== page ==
Ludlow Castle sits menacingly on the cliffs overlooking the River Teme. Built in the late eleventh century by Roger De Lacy as his stronghold in The Marches border area between England and Wales, it was one of the first Norman castles to have been constructed with stone. The castle was used until the late seventeenth century and has a rich history and varied architecture.
After its early life as a stronghold, Ludlow Castle expanded and mellowed a little as the years passed. In the fourteenth century, the wealthy and powerful Roger Mortimer extended the castle and turned it into a comfortable, grand palace. It later came into the possession
of Richard, Duke of York, and - in 1459, during the Wars of the Roses - it was taken and sacked by the Lancastrians, while the duchess and her younger children were in residence. During the
reign of Edward IV, Ludlow Castle was a royal palace, and his sons, the Prince of Wales and
his brother - better known as The Princes in the Tower - stayed there in 1473.
Around 1475 The Council of Wales and the Marches was founded and became responsible for the government of most of Wales and the English border counties of Gloucestershire, Herefordshire, Worcestershire, Shropshire, and Cheshire. This made the English town of Ludlow the capital of Wales!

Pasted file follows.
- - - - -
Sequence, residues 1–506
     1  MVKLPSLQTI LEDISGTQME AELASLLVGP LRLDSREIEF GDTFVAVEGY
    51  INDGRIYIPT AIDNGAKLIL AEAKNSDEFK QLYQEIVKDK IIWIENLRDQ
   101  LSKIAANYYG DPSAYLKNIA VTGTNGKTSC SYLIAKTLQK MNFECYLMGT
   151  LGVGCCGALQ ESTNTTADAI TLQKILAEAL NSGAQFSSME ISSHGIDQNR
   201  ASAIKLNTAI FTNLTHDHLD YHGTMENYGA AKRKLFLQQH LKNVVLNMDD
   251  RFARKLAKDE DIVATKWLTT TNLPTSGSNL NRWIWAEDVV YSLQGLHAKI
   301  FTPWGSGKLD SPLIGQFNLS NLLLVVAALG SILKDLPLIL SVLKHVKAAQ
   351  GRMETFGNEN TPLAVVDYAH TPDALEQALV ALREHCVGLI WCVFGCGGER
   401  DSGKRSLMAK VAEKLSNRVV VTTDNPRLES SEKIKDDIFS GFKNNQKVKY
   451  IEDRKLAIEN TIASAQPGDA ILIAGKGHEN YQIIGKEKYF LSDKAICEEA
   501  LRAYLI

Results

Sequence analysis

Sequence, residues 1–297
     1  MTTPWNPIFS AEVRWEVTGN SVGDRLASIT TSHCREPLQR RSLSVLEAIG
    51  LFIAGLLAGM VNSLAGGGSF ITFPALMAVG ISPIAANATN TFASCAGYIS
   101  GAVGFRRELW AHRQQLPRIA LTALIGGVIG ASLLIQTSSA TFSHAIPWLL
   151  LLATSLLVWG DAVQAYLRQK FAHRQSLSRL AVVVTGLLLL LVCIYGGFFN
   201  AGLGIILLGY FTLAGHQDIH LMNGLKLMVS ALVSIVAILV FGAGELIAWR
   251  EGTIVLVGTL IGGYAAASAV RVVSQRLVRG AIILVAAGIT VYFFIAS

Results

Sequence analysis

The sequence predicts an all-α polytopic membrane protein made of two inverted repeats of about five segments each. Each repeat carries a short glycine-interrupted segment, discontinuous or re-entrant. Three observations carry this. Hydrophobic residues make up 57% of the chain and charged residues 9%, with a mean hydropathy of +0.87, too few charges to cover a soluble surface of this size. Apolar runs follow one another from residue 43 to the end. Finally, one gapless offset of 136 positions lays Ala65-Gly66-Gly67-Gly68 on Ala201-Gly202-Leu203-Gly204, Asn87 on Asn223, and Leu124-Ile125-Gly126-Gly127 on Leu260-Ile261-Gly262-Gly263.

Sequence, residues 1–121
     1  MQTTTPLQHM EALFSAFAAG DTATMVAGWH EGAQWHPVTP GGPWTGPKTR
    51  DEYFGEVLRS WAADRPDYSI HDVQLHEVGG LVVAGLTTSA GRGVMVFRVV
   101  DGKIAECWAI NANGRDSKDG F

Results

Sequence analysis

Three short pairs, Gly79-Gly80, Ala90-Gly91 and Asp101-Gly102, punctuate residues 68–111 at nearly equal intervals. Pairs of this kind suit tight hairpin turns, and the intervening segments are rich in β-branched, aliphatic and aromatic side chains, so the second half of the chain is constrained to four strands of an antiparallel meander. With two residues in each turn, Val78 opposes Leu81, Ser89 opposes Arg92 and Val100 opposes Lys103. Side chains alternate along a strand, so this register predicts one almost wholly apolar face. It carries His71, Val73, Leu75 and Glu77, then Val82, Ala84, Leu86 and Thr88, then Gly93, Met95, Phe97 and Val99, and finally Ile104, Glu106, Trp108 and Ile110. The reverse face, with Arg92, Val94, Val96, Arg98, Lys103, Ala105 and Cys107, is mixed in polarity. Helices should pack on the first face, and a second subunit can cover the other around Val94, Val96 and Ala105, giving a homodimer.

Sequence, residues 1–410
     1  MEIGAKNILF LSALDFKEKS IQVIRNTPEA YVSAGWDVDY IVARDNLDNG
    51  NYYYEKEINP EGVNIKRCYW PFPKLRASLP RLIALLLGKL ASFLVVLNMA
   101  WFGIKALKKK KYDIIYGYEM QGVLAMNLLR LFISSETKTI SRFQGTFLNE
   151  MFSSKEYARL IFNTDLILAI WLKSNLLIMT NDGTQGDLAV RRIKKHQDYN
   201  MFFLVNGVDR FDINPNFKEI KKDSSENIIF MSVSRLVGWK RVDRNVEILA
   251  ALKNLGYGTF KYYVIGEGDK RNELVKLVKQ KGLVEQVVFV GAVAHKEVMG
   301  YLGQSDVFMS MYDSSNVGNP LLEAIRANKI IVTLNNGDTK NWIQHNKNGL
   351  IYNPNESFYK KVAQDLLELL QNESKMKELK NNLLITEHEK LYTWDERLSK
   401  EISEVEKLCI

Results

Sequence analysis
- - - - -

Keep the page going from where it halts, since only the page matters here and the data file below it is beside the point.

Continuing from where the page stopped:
In 1501, Henry VII's eldest son, Prince Arthur, died of sweating sickness whilst resident at Ludlow Castle. His wife, Catherine of Aragon, survived the sickness and later went on to become the first wife of Arthur's younger brother, King Henry VIII.
Another royal resident was Mary Tudor, Queen of England, who spent three winters between 1525 and 1528 at Ludlow Castle.
After this time the council was becoming more powerful, employing more people, and requiring more space. This led to extensive modifications to the castle buildings. As it was more of an administrative centre than a royal palace when Ludlow came under siege during the Civil War in 1646, it surrendered and missed being damaged like many other Royalist strongholds. The council was finally disbanded in 1689, and the castle declined to ruin.